“Better to see the matter in the economy where undoubtedly Christ, in the covenant of redemption (meaning, in eternity of course), and in the decree encompassing creation, election and redemption undertook to take into Himself our humanity and take into Himself the form of a servant.”

Did the Son, already anticipating his role as Christ according to Goligher’s use of language….




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The Trinity: Reflections without Recrimination

by Tom Nettles

If a biblical expositor/theologian arrives at a conclusion, on the basis of exegesis, that the Bible teaches there is only one God who is infinite, eternal, and unchangeable in his being, wisdom, power, holiness, justice, goodness, and truth, and who alone is self-existent having created all things and presently sustaining all things that are not him, I would conclude that such an exegete, in all of those assertions, has arrived at a notable body of biblical truths about God. If he further concludes through a synthesis of biblical texts, using the analogy of faith, that this God exists eternally in three persons without division of essence or disruption of divine simplicity with each person fully participating in and manifesting the infinite excellence of essential deity in perfect unison with each other person, I would conclude that such an exegete is biblically sound and in full accord with the historic witness of the church. Further, if this person arrives at the conclusion that the persons of the Triune God are denominated as, and exist in eternal relation as Father, Son, and Holy Spirit with identifiable aspects of distinct personhood operating immanently and internally that give immutable standing to this tri-fold denomination within this one God, I would embrace such syntheses as truthful and biblical. I would conclude that such a person….




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Christ was not of the world in nature

November 17, 2014 1 comment

SpurgeonThis is the distinguishing mark — being different from the world in those respects in which Christ was different. Not making ourselves singular in unimportant points, as those poor creatures do, but being different from the world in those respects in which the Son of God and the Son of man, Jesus Christ, our glorious Examplar, was distinguished from the rest of mankind. And I think this will burst out in great clearness and beauty to us, if we consider that Christ was not of the world in nature; that he was not of the world again, in office; and above all, that he was not of the world in his character.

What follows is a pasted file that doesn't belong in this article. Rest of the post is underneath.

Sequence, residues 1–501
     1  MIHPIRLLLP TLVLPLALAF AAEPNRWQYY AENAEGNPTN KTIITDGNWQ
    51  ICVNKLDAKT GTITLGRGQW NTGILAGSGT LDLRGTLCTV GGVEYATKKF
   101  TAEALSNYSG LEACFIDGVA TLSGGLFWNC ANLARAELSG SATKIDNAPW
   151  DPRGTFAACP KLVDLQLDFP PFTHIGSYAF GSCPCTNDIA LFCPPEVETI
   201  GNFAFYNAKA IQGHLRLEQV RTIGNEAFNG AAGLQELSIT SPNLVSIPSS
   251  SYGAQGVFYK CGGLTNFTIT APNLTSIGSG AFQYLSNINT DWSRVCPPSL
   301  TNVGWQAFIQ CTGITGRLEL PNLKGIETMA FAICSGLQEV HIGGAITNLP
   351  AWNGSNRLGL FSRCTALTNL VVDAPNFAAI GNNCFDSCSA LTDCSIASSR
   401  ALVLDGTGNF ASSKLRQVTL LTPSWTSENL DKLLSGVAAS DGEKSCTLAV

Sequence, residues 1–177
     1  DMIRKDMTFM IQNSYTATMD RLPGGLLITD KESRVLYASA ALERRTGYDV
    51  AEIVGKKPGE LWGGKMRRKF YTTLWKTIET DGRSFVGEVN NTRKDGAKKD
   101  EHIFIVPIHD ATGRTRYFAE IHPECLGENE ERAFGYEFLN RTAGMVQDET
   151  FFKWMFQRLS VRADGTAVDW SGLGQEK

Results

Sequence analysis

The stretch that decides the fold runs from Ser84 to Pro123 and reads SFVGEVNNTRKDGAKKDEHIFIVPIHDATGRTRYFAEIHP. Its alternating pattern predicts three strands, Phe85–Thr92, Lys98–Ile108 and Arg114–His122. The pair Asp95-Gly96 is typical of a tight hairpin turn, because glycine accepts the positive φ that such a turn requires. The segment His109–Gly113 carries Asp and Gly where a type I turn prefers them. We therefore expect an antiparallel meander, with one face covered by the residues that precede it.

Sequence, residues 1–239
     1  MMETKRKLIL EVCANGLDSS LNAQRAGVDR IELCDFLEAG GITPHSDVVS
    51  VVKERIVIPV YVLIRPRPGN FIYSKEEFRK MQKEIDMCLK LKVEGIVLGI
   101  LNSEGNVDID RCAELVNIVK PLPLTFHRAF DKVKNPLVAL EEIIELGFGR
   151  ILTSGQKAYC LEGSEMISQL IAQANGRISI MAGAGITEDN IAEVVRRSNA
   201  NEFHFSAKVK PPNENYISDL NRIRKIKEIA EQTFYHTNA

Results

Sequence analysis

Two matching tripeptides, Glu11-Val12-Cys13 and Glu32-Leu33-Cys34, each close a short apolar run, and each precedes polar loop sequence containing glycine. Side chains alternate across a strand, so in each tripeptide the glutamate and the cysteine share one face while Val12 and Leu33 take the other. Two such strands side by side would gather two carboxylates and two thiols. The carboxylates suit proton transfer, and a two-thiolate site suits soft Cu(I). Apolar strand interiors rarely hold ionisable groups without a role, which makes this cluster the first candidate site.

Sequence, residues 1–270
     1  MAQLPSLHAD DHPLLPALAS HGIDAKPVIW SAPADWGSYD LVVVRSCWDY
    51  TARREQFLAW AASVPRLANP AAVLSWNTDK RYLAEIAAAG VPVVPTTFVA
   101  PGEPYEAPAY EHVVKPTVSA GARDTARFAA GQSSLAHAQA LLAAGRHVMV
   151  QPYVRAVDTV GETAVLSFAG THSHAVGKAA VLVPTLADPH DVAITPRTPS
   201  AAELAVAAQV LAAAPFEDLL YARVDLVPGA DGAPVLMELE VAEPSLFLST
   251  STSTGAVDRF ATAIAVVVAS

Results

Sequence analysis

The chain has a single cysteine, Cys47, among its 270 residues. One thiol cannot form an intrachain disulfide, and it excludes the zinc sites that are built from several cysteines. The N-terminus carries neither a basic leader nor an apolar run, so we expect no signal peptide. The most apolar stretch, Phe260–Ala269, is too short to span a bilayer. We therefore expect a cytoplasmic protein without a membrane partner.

1. First, Christ was not of the world in nature. What was there about Christ that was worldly? In one point of view his nature was divine; and as divine, it was perfect, pure, unsullied, spotless, he could not descend to things of earthliness and sin; in another sense he was human; and his human nature, which was born of the Virgin Mary, was begotten of the Holy Ghost, and therefore was so pure that in it rested nothing that was worldly. He was not like ordinary men. We are all born with worldliness in our hearts. Solomon well says, “Foolishness is bound up in the heart of a child.” It is not only there, but it is bound up in it, it is tied up in his heart, and is difficult to remove. And so with each of us: when we were children, earthliness and carnality were bound up in our nature. But Christ was not so. His nature was not a worldly one; it was essentially different from that of every one else, although he sat down and talked with them. Mark the difference! He stood side by side with a Pharisee; but every one could see he was not of the Pharisee’s world. He sat by a Samaritan woman and though he conversed with her very freely, who is it that fails to see that he was not of that Samaritan woman’s world — not a sinner like her? He mingled with the Publicans, nay, he sat down at the Publican’s feast, and eat with Publicans and sinners; but you could see by the holy actions and the peculiar gestures he there carried with him, that he was not of the Publicans’ world, though he mixed with them. There was something so different in his nature that you could not have found an individual in all the world whom you could have set beside him and said, “There! he is of that man’s world.” Nay, not even John, though he leaned on his bosom and partook very much of his Lord’s spirit, was exactly of that world to which Jesus belonged; for even he once in his Boanergean spirit, said words to this effect, “Let us call down fire from heaven on the heads of those who oppose thee,” — a thing that Christ could not endure for a moment, and thereby proved that he was something even beyond John’s world.